Our best Spanish tapas recipes include recipes for some of the most popular Spanish tapas bar snacks: the Spanish meatballs called albondigas, chorizo and potato croquettes recipe for croquetas de patata y chorizo, the classic garlic shrimp recipe for gambas al ajillo, a Spanish chorizo in red wine recipe for chorizo al vino tinto, and a simple calamari recipe for calamari a la plancha. All so delish!
If you’re not already a lover of Spanish tapas, a tapa is a small snack plate available at tapas bars in Spain and abroad – tapas is plural – where a tapas bar crawl is the best means by which to sample these delicious morsels.
A leisurely bar-hop from one boisterous tapas spot to another, sipping vermouth or vino while nibbling on these delicious snacks, preferably in the company of new friends, is must-do for food-loving travellers to Spain.
And if you can’t get to Spain yet, while it’s a bit tricky to replicate a tapas bar crawl in your own home, you can make a spread of tapas and reminisce about your Spanish travels or dream of a future eating trip to Spain.
As with so many of our recipes of the last two years, our series of best Spanish tapas bar recipes is a result of longing for Spain, Spanish food and the delicious experience that is the tapas bar crawl.
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Best Spanish Tapas Recipes for a Tapas Bar Feast at Home
Spanish Meatballs Recipe for Albondigas
Our Spanish meatballs recipe for albondigas makes juicy pork and beef meatballs in a rich tomato sauce spiced with smoked paprika and a touch of chilli and it’s one of our best Spanish tapas recipes.
This classic Spanish meatballs recipe for albondigas will make you juicy meatballs simmered in a rich tomato sauce spiced with smoky paprika and a slight kick of chilli.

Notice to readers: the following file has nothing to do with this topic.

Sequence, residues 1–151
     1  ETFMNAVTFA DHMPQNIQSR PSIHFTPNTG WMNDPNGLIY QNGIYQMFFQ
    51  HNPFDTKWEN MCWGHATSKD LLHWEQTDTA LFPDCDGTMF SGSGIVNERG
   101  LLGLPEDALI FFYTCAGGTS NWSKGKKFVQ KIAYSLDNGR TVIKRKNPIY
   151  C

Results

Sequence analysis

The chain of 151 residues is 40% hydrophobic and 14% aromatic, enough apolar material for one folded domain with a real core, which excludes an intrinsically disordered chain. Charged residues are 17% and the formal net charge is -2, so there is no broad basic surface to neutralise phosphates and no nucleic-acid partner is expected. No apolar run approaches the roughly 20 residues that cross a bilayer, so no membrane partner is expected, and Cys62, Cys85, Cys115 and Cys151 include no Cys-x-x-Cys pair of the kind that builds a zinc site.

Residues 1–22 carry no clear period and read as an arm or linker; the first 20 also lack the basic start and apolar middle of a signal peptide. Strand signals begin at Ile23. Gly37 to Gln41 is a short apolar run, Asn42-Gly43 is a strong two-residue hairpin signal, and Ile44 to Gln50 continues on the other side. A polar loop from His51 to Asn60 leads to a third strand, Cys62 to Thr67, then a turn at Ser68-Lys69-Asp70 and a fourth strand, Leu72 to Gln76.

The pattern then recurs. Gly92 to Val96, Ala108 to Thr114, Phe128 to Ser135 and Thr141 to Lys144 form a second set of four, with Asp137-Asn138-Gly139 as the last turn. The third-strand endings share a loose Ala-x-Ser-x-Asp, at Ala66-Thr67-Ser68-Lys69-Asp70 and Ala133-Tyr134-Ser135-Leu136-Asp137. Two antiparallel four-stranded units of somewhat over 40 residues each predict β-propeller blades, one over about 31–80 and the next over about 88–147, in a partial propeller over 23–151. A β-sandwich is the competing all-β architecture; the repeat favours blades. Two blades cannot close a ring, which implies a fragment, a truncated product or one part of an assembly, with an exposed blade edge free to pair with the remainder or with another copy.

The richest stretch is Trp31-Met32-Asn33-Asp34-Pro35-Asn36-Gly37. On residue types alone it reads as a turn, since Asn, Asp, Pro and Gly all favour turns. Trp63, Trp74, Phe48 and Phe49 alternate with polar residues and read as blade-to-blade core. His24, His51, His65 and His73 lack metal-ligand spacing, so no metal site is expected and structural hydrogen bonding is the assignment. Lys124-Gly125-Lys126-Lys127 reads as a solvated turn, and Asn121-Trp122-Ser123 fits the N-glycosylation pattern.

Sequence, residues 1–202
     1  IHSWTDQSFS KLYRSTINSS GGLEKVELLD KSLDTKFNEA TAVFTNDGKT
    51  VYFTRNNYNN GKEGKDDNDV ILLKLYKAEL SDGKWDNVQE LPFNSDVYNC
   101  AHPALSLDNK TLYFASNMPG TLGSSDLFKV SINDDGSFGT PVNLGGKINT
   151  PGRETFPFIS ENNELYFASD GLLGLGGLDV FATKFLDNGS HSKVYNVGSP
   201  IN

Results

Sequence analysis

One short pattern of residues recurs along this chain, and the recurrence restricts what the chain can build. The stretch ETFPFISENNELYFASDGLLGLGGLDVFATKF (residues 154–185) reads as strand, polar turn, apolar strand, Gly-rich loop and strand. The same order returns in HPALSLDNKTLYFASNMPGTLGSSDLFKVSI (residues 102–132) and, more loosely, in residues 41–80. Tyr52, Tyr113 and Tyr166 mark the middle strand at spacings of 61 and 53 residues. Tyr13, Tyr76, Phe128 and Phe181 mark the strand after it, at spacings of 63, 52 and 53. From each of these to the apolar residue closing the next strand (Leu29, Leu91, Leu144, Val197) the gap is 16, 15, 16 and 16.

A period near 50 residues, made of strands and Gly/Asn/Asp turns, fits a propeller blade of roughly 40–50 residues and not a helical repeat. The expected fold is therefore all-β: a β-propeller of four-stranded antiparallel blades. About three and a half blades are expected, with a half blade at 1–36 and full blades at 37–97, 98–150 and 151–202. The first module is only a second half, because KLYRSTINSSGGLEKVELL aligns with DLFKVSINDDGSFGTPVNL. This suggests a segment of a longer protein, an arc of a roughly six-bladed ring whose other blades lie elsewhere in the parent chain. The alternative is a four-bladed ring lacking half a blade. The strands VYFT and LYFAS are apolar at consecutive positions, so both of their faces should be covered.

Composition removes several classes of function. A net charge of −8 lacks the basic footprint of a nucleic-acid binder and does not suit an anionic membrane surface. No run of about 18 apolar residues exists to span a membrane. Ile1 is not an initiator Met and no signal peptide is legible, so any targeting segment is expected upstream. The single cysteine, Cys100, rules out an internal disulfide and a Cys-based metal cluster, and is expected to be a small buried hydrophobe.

Make the tomato sauce first as you can transfer batches of meatballs to the sauce, where they can simmer while you finish frying the others. As long as you remove the meatballs from the fry-pan or skillet after they brown, and don’t continue to cook them, they will remain deliciously moist and tender.
We use our kitchen scales to weigh the spoons of minced meat mixture before shaping it into meatballs to ensure they’re uniform in size – we like to aim for 32 g / 1.13 oz – so that they cook evenly.
We recommend serving up a dish of these juicy morsels with slices of crusty bread to mop up the sauce.
Spanish Chorizo and Potato Croquettes Recipe for Croquetas de Patata y Chorizo
This classic Spanish chorizo and potato croquettes recipe for croquetas de patata y chorizo makes a delectable snack with a light crunchy exterior encasing fluffy chorizo-flavoured mash potatoes, flecked with spicy pieces of chorizo, and it’s easily one of our best Spanish tapas recipes.
With the chorizo for croquettes, it is best to use fresh chorizo, but only cook the crumbly chorizo very quickly. If you have firm chorizo, you do not need to fry it off, but chop it into very small pieces so the croquettes don’t have large chewy chunks in them.
Having used panko breadcrumbs for Japanese deep fried food forever, we’re now using panko crumbs for Russian dishes such as chicken kotleti, Australian pub favourites such as chicken schnitzel, and now for Spanish dishes, such as these croquettes.
The reason is that panko breadcrumbs are incredibly dry and result in a crunchier exterior. If you want those sandy Italian-style breadcrumbs, just run a rolling pin over the panko crumbs in a plastic bag.
You want to deep-fry these at the classic deep-fry temperature of 180°C (350°F). Any hotter and you risk having dark brown casings but a cold mix inside because the outside has browned before the chorizo-potato mash filling can warm up. Please use a thermometer rather than dropping a bit of panko in the oil, which is not a temperature measurement, it’s a guesstimate.
Make a big batch, as they’re addictive!
Spanish Garlic Shrimp Recipe for Gambas al Ajillo
This classic Spanish garlic shrimp recipe for gambas al ajillo makes one of the most popular Spanish tapas dishes on the menu at tapas bars in Spain and around the world, and it’s one of the best Spanish tapas recipes.
It’s also one of the easiest tapas dishes to make at home, as long as you don’t over-cook the shrimps – or prawns, depending on where you live.
Sweet plump garlic prawns are just cooked in a fragrant, gently-spiced, garlicky olive oil that’s just calling for you to mop it up with crusty bread.